Production Company: Universal Pictures Company, Inc.  
Distribution Company: Universal Pictures Company, Inc.  
Director: Roy William Neill (Dir)
  Melville Shyer (Asst dir)
Producer: Howard Benedict (Exec prod)
  Roy William Neill (Prod)
Writer: Bertram Millhauser (Scr)
Photography: Charles Van Enger (Dir of photog)
Art Direction: John B. Goodman (Art dir)
  Martin Obzina (Art dir)
Film Editor: William Austin (Film ed)
Set Decoration: R. A. Gausman (Set dec)
  Edward Ray Robinson (Set dec)
Costumes: Vera West (Gowns)
Music: H. J. Salter (Mus dir)
Sound: Bernard B. Brown (Sd dir)
  Paul Neal ([Sd] tech)
Country: United States
Series: Sherlock Holmes

Source Text: Based on the short story "The Adventures of the Dying Detective" by Sir Arthur Conan Doyle in Strand (Dec 1913).
Authors: Sir Arthur Conan Doyle

Copyright Claimant Copyright Date Copyright Number
Universal Pictures Co., Inc. 24/11/1943 dd/mm/yyyy LP12379

PCA NO: 9470
Physical Properties: b&w:
  Sd: Western Electric Recording

 
Genre: Drama
Sub-Genre: Detective
 
Subjects (Major): Murder
  Physicians
  Poisoning
  Private detectives
  Spiders
  Women gangsters
 
Subjects (Minor): Brothers and sisters
  Carnivals
  Casinos
  Children
  Disguise
  East Indians
  Escapes
  Fishing
  Gambling
  Gunfights
  Hideouts
  Life insurance
  London (England)
  Mutes
  Police inspectors
  Pygmies
  Racial impersonation
  Scotland
  Scotland Yard (London, England)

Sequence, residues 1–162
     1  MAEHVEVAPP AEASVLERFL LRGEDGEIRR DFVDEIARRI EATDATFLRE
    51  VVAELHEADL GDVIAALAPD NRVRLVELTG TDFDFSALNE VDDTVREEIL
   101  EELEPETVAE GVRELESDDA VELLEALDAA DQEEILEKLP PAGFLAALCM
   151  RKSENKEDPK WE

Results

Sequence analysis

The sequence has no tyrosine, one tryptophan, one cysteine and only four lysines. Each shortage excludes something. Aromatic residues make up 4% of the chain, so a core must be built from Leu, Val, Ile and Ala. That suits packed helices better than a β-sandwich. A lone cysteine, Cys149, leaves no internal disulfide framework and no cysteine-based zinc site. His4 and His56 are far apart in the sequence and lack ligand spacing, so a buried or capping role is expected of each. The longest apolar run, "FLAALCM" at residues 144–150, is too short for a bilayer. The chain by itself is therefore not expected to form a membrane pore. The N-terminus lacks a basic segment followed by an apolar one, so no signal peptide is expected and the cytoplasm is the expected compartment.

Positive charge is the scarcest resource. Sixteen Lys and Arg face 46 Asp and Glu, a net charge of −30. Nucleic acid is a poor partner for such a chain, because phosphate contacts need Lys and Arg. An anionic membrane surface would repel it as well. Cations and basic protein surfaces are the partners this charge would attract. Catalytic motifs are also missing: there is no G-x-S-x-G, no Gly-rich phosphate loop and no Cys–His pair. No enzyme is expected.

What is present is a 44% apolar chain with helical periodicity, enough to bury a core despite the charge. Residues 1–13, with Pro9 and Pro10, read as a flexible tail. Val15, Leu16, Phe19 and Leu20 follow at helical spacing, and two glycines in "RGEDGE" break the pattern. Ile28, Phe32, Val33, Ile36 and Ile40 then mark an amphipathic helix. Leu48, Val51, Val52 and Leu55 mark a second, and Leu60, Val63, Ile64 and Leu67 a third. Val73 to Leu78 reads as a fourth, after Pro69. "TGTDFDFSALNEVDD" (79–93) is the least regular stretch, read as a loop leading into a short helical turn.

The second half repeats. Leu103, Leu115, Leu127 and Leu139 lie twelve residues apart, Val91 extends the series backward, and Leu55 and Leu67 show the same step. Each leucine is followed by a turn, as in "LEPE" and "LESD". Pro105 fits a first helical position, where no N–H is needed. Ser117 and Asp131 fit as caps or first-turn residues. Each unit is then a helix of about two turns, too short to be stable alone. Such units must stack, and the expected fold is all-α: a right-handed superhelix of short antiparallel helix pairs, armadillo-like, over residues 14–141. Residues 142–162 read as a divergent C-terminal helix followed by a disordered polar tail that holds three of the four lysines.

Suicide
  Trains

Note: The working title of this film was Sherlock Holmes in Peril , and it was also reviewed under the title Sherlock Holmes and the Spider Woman . The Spider Woman was very loosely based on the Sir Arthur Conan Doyle short story, "The Adventures of the Dying Detective" in Strand (Dec 1913). For additional information on the series and other films featuring the Arthur Conan Doyle characters, consult the Series Index and see the entry below for Sherlock Holmes and the Voice of Terror and the entries for Sherlock Holmes and The Hounds of the Baskervilles in the AFI Catalog of Feature Films, 1931-40 ; F3.4020 and F3.2009. Gale Sondergaard also starred in the 1946 film The Spider Woman Strikes Back (see below), but that picture had no connection to The Spider Woman other than Sondergaard's participation. 

Bibliographic Sources:   Date   Page
Box Office   15 Jan 1944.   
Daily Variety   6 Jan 44   p. 3.
Film Daily   13 Jan 44   p. 13.
Hollywood Reporter   30 Apr 43   p. 11.
Hollywood Reporter   14 May 43   p. 7.
Hollywood Reporter   6 Jan 44   p. 3.
Motion Picture Herald Product Digest   15 Jan 44   p. 1714.
Variety   12 Jan 44   p. 24.

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The American Film Institute is grateful to Sir Paul Getty KBE and the Sir Paul Getty KBE Estate for their dedication to the art of the moving image and their support for the AFI Catalog of Feature Films and without whose support AFI would not have been able to achieve this historical landmark in this epic scholarly endeavor.